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Do some people genuinely dislike nice weather, and if so, what are the psychological or philosophical reasons behind it?

A study published in the Journal of Environmental Psychology found that 11% of participants reported feeling anxious or uneasy when the weather was warm and sunny.

Research suggests that exposure to high temperatures can negatively impact mental health, leading to increased stress, anxiety, and irritability.

In a Reddit thread, one user explained that they dislike nice weather because it eliminates their excuses for staying indoors and avoiding social interactions.

Some people may experience "existential dread" during warm weather due to societal expectations surrounding outdoor activities and social gatherings.

The brain craves sensory input, and the sounds of rain or thunderstorms can appease this craving, leading to a sense of calm and relaxation.

On the other hand, sunshine can be overwhelming and decrease sensory input, leading to feelings of anxiety and unease.

A study published in the Journal of Positive Psychology found that people who prefer cloudy or rainy weather tend to be more introverted and sensitive to stimulation.

Nice weather can lead to feelings of guilt or pressure to engage in outdoor activities, causing anxiety in those who prefer indoor activities.

In a survey, 38% of respondents reported feeling more comfortable and productive during cooler or overcast weather.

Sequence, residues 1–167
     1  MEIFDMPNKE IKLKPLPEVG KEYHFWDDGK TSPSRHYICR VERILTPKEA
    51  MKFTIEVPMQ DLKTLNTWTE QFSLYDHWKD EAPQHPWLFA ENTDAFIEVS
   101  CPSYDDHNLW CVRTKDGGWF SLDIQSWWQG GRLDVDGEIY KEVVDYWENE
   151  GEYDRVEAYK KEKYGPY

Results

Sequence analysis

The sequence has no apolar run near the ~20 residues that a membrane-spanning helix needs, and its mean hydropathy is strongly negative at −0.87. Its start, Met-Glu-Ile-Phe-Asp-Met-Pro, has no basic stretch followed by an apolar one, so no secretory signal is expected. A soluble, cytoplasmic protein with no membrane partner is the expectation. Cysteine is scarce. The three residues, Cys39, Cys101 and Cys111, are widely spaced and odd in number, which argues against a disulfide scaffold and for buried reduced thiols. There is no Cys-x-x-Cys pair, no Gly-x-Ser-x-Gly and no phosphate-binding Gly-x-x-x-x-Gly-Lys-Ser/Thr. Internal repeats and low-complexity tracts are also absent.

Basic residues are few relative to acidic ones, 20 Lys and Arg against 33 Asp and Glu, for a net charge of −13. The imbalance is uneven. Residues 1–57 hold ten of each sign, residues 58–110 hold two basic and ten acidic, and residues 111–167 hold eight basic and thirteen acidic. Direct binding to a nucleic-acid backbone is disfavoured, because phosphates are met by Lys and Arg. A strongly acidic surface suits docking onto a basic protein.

Research suggests that people who dislike nice weather may have a different temperament or personality type, such as being more introverted or sensitive.

In a study published in the Journal of Environmental Psychology, participants reported feeling more relaxed and calm when listening to the sound of rain or thunderstorms.

One user on Reddit mentioned that they dislike nice weather because it makes their commute more crowded and stressful.

Exposure to heat can decrease overall well-being, leading to feelings of discomfort, fatigue, and irritability.

Some people may associate nice weather with feelings of boredom, as they may feel pressured to engage in outdoor activities that they don't enjoy.

A study published in the Journal of Applied Developmental Psychology found that children who prefer rainy or cloudy weather tend to be more creative and imaginative.

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